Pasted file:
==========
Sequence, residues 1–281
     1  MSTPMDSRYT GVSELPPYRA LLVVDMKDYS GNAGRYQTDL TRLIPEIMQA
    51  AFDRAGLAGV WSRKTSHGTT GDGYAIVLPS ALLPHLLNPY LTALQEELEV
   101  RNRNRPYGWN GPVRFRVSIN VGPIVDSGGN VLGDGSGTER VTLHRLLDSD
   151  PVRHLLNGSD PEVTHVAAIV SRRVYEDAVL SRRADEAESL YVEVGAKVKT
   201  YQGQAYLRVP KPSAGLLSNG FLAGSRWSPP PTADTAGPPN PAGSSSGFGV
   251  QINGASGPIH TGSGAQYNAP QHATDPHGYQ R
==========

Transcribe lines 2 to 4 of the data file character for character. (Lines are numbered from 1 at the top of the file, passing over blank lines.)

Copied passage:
     1  MSTPMDSRYT GVSELPPYRA LLVVDMKDYS GNAGRYQTDL TRLIPEIMQA
    51  AFDRAGLAGV WSRKTSHGTT GDGYAIVLPS ALLPHLLNPY LTALQEELEV
   101  RNRNRPYGWN GPVRFRVSIN VGPIVDSGGN VLGDGSGTER VTLHRLLDSD